TinBane is back with another great Dropzone Commander article, this time on tank tactics! For more great tactics, check out the Tactics Corner!
In nearly every game of DZC, the most important compulsory unit in terms of damage output, is going to be the main battle tank or equivalent. All four (released) races have a mandatory armoured group to go with the mandatory infantry and command at 1500pts. What do you get for your points, how useful are they, and more importantly, how are they best used?
The UCM Sabre relies on three things to be an effective operator. It has a powerful main gun, with a great combination of accuracy, range and energy. It has the highest possible armour in the game (10). And it has the articulation rule. In effect, the Sabre can fire from behind an object up to 1″ in height with no penalty, and is considered hull down. The major downsides to this unit are it’s dependency on good placement to make use of it’s articulation rule, and it’s low speed. If you are not bringing overwhelming force to bear on a small part of the opposing army, then you need to be holed up in cover to maximise your chances of avoiding damage.
The scourge don’t have the luxury of being an effective anvil unit. With only armour 8, the Hunter can’t afford to be reactive. Each anti-tank shot the enemy takes stands a very good chance of destroying a Hunter, should it connect. The Hunter’s survivability almost entirely revolves around moving the 6″ required to give opponents the +2 penalty to hit a moving skimmer. While out-ranged by all the other main battle tank equivalents, the Hunter has a few advantages of it’s own. It’s speed of 9″ means that it can close devastatingly fast, so fast you can consider fielding them without transport. While their main gun is short ranged, it packs as much punch as the PHR’s railgun technology.
On paper the Shaltari have the same gun as the UCM, which is to say equal “worst”, along with the lowest armour, without having the highest speed. The ace in the hole is their ability to teleport across the battlefield, and a passive countermeasures save (5+) which allows them the chance of bouncing nearly every weapon in the game. In general, between skimmer and their passive countermeasures, they are nearly as tough per point as the Sabre making use of it’s articulation rule. The caveat here of course, is that with only armour 7, heavy anti-air units like the Rapier are more adept at dishing out the pain. Interestingly though, they may be ideal against Scourge/Odin heavy lists where firepower is overwhelming, and the passive bounce and penalty to accuracy will hurt their enemies offensive plans.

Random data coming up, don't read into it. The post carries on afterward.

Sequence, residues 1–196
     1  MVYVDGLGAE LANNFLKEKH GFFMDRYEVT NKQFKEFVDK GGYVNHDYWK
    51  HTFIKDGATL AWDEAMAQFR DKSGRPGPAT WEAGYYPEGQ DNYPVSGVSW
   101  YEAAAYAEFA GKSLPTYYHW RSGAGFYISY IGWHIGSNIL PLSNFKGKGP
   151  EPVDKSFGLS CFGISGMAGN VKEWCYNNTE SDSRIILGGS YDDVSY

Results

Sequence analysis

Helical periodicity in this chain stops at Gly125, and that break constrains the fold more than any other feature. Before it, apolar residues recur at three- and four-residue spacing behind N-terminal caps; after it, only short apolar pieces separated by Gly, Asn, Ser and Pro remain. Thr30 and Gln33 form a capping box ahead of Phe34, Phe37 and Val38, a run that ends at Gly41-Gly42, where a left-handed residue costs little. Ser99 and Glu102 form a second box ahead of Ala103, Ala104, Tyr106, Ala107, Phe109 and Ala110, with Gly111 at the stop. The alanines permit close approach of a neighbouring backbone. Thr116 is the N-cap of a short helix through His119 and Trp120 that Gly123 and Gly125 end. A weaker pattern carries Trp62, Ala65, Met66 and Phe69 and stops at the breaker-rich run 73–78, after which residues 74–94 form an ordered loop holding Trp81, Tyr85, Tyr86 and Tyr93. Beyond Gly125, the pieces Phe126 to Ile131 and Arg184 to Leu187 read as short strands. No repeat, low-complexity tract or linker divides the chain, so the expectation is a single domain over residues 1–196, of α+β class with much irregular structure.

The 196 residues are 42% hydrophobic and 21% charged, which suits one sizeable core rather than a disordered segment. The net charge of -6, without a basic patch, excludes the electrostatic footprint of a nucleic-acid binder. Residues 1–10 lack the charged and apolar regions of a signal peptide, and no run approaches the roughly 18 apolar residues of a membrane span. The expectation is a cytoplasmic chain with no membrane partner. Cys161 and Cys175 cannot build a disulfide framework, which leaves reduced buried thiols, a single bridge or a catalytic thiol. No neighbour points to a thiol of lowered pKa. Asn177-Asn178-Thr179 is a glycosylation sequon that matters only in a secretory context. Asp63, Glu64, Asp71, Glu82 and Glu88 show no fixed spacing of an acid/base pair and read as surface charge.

Perhaps one of the most maligned units in DZC at launch, the Ares was a bit of a joke. However, with the addition of a scanner rule and a points drop to 42pts it’s really come into it’s own. But exactly how well does this unit compete, especially given the amount the Shaltari and Scourge outpace it post-drop. The PHR perhaps suffer the most from the temptation for a later-game drop, but maybe that’s a result of being too greedy with Odins?
For ease of comparison, a brute force approach was used, with 10,000 samples run for every combination of attack and defender. The scale is one where 100% represents the best performing unit per point of cost, weighted by the product of points and probabilities of the targets/damage source. For the Ares, when it is the target partial damage was considered worth 14pts (1/3rd value) but defense the value of the Ares doesn’t consider damage to have any value if it doesn’t knock it out. No weighting was given to speed/range combinations.
The Sabre: Attack – 68%, Defense – 31%, Defense (Articulated) – 37%
The Hunter: Attack – 100%, Defense – 30%
The Tomahawk: Attack – 66%, Defense – 35%
The Ares: Attack – 94%, Defense – 100%
The results display the massive benefit the PHR has in a “fair” fight. On a per-point basis the Ares (with it’s new scanner rules) has 94% of the efficiency of the Hunter. That’s on a PER POINT basis, which means it’s high cost is already factored. And on a per point basis the rest of the field have a staggering 1/3 the survivability (even factoring in damage at a “value” of on third of a kill, the PHR would still be sitting on double the survivability).
What does this mean? An Ares spam list, that simply maxed out Ares as the alpha strike, would still have most of the hitting power of the dreaded hunter rush. So why isn’t it that scary? In other wargames, a statistical disparity of this magnitude would make the game unplayable, or at least, unwinnable.
In Dropzone Commander, it simply forces you to focus on the objectives. If anything, the PHR are the stereotypical “Big Bag” from TV or movies, in terms of their in-game effect. You are competing with an opponent you can’t hope to fight evenly, so you simply have to buckle up and pull the objectives effectively. It also highlights just how much benefit the PHR gain from “kill point” objectives, especially given many PHR players consider the new, improved, cheaper Ares still inferior to the Odin. Perhaps that will be the subject of my next post. Is the Odin better than the Ares mk 2, or is this an example of “internet wisdom” that no longer matches the reality of the game?
EDIT: This article was authored before the release of the new “standard” tanks. I’ll post an updated version in time, perhaps with improved stats and the new units included. Hopefully also some analysis of their movement capabilities.